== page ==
The current SEZ law and regulations in Pakistan focus on first-time colonization of the zone, with little focus on operations and maintenance of the SEZs in the long run. For investors, this is a concern over long-term sustainability of the SEZ projects given Pakistan’s experience with IEs and EPZs in the past.  This is because successful SEZs earn from services rather than sale of plots. Plot sales generate one-time revenue, which is often used for setting up another SEZ or is paid off as dividends to the developer. 

For SEZs to be sustainable, developers and operators need a source of continuous inflows, such as income from various services. These may include captive power, RLNG, warehousing services; effluent treatment plants, labs for quality standards; and setting up for-profit vocational training institutes.  A separate framework that covers these aspects can help provide necessary direction for long run sustainability of SEZ projects whilst checking monopolistic behavior within the SEZ boundaries.

6-Monitoring & Evaluation 

Effective Monitoring and Evaluation (M&E) is a critical part of SEZ policy framework, especially if governments want to expand the policy, legal and institutional arrangements within SEZs to outside the zones, or want to scale up the number of zones across the country. In Pakistan, there is no separate formal M&E framework for SEZs, whereas the instruments of M&E described in the law are limited.

Under the law, various SEZ related authorities at federal and provincial level are required to publish bi-annual and annual reports and data on the progress of SEZs. However, these reports and data are not made public, unlike international best practices where such reports is submitted to the parliament and shared on websites for wider dissemination.

In addition, the indicators and information basis of a much-needed separately spelled out M&E framework has be expanded to include aspects of feedback from investors inside the SEZs; motivational studies of existing and prospective investors; regulatory impact assessments; evaluation of linkages with vendors outside the zones; and manufacturing and other economic activities inside zones. These are needed to both monitor the performance of the zones but also to continuously assess and improve the regulatory and legal environment of the SEZs.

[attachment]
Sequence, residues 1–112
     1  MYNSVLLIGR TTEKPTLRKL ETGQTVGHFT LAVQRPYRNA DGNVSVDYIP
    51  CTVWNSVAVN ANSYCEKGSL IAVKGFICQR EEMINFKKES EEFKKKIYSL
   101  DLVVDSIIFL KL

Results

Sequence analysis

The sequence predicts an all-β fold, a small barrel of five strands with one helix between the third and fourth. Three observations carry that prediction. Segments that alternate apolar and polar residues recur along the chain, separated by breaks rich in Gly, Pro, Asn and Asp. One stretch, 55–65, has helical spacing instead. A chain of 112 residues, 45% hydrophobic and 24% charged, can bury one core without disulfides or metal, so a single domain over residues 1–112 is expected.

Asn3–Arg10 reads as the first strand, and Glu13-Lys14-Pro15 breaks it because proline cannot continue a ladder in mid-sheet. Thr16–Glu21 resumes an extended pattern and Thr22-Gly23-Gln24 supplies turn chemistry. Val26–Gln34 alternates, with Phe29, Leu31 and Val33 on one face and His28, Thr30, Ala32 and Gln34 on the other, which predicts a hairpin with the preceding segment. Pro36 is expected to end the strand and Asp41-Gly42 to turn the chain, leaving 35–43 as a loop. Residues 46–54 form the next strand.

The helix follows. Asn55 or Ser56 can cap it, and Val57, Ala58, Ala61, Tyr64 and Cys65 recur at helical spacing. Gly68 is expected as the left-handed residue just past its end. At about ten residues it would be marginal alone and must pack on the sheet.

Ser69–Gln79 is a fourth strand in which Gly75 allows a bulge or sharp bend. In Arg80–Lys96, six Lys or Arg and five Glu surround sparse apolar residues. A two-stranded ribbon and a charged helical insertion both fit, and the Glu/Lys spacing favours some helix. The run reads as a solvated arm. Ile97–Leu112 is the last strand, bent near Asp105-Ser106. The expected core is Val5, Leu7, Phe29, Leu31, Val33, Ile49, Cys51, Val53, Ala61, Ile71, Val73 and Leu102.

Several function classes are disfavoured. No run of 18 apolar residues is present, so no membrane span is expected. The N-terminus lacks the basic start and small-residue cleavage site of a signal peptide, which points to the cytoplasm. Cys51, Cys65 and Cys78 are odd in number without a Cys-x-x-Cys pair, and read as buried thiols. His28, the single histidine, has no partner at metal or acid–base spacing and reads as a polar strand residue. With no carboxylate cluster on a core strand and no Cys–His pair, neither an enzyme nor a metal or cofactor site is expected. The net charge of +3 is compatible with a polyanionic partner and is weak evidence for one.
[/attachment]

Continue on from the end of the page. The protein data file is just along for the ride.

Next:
The SEZs have existed around the world in various shapes and forms for over several decades. Their growing success is owed to the fact that they have emerged as an important investment policy tool to address the problems of low investments, exports, and industrialization. The SEZs address these challenges by providing what is often conceptualized as an “island of excellence” i.e. the SEZs ensure business-friendly environment within a designated boundary, with facilitative institutional, legal, and infrastructural architecture.

Equally important reason behind the existence of SEZs however, albeit an oft overlooked one, is their conception as “test labs for policy reforms”, to which end an effective monitoring and evaluation framework of SEZs is paramount. Since developing economies find it difficult to roll out wholesale reform to improve business environment all across the country at once, they use SEZs as a laboratory for policy and regulatory reform experiments, before gradually rolling successful results outside the zones to the rest of the country.

However, in both these two main rationales and conceptions, the SEZs in Pakistan have significant room for improvement. As far as policy reforms is concerned, the current SEZ framework does not envision SEZs in Pakistan as areas that offer special policy and regulatory environment to businesses.  In fact, under current SEZ framework, all applicable laws and standards of Pakistan including vis-à-vis environment, employment, procurement, and building code are to be followed, unless specifically exempted, relaxed or otherwise provided in the SEZ Act. Those exemptions have not been announced yet.

A concerted effort, therefore, is required to address the challenges to the growth of SEZs in Pakistan, by graduating the SEZ framework from one that focuses on first-time colonization to one that also provides direction on operation and maintenance, financing, sustainability, monitoring and operation, and so forth.  This also necessitates deliberations over the creation of a separate autonomous SEZ authority that solely focusses on SEZ development and operation in Pakistan.   

The writer works as Senior Economist at the State Bank of Pakistan (SBP). 

[1] This article is a summary of key findings of the SBP’s Special Chapter on SEZs titled: Special Economic Zones in Pakistan: Isles of Excellence or Labs for Policy Reforms? The chapter is a part of the SBP’s State of Pakistan’s Economy report for FY21. For detailed coverage of the challenges and proposed solutions for making SEZs successful in Pakistan, please read the report available here.